Racial Justice Statement

Western Washington University Department of Linguistics Racial Justice Statement

June 2020

We in the Department of Linguistics are raising our voices in solidarity with the Black Lives Matter movement and protestors across the U.S. We must stand together and speak out against the dehumanization of and violence against Black people by police. Linguistics has a lot to offer in fighting and organizing against anti-Blackness, both in outreach and understanding the power of language in racial justice and the discourse surrounding it. At the same time, we recognize the importance of acknowledging the systemic anti-Blackness that has pervaded and influenced both the history of our discipline and the U.S.  

We recognize that the makeup and activities of this department do not currently center the experiences and interests of Black lives and language to the degree they should. It’s important to us that our department is not only a welcoming place for everyone, intolerant of discrimination, but that we are actively working to dismantle power structures that serve to discriminate against underrepresented populations.  

Inspired by the LSA’s statement on race (from May 2020, and also see the updated one from June 2015, 2020) and the University of Oregon Department of Linguistics Racial Justice Statement, we will increase efforts and officially, systemically prioritize specific actions that reflect these values and beliefs:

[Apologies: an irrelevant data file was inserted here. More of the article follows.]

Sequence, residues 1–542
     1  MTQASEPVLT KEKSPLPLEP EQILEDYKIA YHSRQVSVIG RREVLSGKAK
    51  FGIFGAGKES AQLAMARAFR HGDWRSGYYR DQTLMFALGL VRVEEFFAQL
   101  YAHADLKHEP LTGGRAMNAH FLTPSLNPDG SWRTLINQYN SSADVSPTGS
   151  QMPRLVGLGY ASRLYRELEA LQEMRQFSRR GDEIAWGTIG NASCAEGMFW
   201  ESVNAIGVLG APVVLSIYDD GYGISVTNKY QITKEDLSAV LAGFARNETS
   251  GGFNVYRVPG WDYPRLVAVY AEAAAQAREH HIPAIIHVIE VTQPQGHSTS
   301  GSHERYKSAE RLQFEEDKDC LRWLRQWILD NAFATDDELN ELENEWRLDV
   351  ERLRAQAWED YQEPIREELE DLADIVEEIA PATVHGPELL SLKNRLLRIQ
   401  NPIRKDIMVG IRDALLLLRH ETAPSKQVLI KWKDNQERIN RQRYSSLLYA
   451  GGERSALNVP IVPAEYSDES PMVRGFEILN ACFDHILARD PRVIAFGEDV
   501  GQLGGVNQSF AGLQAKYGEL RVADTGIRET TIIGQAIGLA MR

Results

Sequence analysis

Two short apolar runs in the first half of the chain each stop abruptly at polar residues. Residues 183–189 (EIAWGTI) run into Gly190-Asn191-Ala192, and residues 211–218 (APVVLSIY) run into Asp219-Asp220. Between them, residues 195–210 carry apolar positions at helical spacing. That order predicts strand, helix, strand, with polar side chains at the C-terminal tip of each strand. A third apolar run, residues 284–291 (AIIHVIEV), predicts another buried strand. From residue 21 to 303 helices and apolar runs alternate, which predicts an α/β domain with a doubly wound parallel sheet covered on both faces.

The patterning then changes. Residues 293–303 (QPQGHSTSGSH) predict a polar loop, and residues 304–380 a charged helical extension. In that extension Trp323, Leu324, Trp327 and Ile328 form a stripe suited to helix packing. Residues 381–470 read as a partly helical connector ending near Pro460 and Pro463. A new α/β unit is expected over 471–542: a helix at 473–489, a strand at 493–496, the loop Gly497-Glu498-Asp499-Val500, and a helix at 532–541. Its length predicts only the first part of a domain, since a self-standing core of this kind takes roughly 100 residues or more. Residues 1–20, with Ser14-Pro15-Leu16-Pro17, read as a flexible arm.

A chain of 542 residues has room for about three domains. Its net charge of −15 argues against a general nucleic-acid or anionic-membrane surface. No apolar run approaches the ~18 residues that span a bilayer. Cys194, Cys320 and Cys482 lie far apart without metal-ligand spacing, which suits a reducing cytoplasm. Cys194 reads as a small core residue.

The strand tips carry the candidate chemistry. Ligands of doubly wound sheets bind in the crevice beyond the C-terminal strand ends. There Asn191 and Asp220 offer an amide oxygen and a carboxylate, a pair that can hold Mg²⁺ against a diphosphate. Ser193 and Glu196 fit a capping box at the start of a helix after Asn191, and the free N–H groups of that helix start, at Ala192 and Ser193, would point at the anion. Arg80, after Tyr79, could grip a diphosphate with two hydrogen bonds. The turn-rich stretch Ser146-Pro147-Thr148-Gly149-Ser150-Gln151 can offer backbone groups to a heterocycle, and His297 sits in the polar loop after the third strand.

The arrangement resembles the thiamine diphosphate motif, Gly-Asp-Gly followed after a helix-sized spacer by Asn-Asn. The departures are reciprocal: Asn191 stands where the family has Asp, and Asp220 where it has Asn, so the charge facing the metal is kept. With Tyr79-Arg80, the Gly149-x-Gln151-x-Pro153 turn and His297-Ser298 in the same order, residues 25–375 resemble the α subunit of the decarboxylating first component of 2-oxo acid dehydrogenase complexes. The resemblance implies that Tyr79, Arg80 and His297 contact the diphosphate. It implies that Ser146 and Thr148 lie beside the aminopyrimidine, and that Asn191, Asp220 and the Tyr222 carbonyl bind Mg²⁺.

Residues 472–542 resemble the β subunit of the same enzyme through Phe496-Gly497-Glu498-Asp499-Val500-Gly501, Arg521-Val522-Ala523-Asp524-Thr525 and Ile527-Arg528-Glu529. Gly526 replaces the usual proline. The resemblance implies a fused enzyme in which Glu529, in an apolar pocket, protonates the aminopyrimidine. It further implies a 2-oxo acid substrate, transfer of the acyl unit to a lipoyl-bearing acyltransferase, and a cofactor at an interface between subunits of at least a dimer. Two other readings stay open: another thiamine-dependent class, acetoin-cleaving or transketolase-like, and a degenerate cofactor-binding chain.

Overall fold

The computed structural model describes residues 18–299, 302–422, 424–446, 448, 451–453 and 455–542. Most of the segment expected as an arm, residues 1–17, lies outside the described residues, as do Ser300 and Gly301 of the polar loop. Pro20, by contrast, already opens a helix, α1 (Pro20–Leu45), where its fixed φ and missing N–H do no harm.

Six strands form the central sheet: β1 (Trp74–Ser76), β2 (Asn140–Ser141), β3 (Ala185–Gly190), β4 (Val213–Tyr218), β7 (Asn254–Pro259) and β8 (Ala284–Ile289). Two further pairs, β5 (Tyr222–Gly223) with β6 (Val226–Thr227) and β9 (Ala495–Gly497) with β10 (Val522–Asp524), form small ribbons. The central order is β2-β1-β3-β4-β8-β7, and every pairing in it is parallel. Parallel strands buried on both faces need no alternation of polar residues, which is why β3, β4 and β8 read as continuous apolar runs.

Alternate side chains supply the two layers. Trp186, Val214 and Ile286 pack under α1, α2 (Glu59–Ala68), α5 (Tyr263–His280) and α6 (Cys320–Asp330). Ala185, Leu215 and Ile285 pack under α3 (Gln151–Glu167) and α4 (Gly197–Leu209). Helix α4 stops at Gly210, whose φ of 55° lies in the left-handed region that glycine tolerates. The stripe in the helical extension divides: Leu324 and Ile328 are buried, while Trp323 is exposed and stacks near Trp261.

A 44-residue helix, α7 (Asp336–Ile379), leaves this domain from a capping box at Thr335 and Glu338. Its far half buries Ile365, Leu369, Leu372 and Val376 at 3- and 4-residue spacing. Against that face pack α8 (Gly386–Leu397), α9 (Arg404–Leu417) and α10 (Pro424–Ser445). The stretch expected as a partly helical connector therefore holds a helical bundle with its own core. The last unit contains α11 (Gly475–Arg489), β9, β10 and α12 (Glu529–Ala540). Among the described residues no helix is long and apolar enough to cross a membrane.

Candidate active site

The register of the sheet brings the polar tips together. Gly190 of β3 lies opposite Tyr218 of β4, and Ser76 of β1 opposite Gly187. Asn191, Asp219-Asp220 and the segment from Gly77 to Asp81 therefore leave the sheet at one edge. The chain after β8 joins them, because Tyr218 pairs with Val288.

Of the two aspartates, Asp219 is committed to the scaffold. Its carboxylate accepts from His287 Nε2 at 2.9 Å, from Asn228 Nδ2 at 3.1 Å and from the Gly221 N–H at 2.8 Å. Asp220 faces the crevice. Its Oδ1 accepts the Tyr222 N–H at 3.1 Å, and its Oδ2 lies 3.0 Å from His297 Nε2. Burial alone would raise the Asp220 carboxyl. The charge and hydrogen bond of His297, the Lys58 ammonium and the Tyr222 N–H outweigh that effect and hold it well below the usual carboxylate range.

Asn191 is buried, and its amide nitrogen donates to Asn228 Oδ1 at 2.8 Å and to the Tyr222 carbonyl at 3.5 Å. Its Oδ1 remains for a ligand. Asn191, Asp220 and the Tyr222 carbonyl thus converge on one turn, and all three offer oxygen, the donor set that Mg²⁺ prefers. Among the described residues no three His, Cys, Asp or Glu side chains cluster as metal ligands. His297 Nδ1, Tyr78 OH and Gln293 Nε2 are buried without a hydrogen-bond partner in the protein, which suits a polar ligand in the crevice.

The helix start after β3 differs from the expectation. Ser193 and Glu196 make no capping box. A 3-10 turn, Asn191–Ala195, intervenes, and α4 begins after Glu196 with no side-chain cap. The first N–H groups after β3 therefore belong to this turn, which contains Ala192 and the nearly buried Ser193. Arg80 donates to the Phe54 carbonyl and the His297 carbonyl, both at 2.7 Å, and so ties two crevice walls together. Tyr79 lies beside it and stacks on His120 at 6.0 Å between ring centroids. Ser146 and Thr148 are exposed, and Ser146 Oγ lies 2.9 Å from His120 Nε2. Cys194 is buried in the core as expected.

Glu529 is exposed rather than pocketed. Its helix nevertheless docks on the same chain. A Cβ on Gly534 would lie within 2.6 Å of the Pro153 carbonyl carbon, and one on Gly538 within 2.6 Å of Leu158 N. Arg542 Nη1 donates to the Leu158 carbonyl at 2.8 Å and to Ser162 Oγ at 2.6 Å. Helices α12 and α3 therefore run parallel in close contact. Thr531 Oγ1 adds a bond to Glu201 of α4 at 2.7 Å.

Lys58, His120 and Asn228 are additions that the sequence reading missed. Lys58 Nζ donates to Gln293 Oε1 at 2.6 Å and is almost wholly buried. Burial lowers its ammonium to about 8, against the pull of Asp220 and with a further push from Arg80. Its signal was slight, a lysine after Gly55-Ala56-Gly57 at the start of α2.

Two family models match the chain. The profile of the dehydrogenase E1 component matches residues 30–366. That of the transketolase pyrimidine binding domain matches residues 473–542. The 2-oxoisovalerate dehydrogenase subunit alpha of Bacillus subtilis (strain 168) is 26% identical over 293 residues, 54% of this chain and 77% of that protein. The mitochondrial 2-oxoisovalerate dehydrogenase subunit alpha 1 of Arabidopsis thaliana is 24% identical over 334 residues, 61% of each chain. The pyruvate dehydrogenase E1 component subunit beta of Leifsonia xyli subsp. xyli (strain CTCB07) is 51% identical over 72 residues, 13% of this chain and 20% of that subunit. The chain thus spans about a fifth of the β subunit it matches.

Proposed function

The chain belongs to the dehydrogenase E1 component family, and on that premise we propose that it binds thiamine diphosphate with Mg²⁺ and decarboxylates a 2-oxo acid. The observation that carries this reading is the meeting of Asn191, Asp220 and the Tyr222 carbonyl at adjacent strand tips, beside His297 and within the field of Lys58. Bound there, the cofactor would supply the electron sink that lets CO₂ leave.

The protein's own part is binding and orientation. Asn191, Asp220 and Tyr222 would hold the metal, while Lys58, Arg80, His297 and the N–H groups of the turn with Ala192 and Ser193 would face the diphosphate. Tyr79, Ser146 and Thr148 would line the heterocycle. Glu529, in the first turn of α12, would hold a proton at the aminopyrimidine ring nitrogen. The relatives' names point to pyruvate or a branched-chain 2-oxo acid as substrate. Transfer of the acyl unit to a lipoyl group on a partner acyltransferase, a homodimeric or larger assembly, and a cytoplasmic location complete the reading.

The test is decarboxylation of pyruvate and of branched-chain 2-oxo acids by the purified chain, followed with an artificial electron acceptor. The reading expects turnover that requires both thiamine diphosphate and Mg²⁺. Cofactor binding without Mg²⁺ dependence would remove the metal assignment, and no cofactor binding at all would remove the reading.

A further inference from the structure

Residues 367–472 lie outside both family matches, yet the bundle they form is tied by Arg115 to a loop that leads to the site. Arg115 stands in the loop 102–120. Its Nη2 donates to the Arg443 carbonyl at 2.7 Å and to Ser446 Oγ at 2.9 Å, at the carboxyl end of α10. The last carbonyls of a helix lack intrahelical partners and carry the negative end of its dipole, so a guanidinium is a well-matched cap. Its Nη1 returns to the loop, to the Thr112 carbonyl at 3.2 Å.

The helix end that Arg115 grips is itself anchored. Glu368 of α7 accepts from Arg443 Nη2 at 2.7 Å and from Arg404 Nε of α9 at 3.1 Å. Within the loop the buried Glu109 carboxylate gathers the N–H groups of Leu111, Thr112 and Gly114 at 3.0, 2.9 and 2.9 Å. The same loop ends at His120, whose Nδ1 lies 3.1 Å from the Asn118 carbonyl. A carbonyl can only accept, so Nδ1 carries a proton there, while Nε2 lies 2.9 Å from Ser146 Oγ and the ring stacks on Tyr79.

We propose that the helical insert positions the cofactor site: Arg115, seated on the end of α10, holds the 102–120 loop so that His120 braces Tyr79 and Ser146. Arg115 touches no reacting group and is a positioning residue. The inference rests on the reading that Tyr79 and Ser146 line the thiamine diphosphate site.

• Strengthen our curriculum by revising our syllabi and course materials to reflect the diversity of voices in the field (Scholars to Read in the Field of Language). We believe this is essential to our core curriculum and extends beyond the courses that focus on language diversity and power differentials. In addition to the voices of researchers and communities, we will continue to promote language diversity in our courses.  
  • Create a survey for students which will include questions about departmental climate. The survey will be followed by transparent reporting of the results and access to relevant resources for students, faculty, and staff.  
  • Increase discussion of and engagement with works and initiatives about anti-racism in Linguistics, such as those by Anne H. Charity-Hudley on fostering a culture of racial inclusion in linguisticsMichel DeGraff on the politics of linguistics and education in post-colonies, and others. 
  • Continue to identify creative pathways of support for students of a wide variety of backgrounds to participate in our department, thrive in it, and shape it to the benefit of themselves, their communities, and their careers.    
  • Continue to conduct outreach and engage in discussion with the Western community about discrimination based on language and identity. 

While we reflect on the actions we as a department can take in this time, we urge everyone who shares an interest in linguistics to reflect on actions you as individuals can take to continue to fight for justice.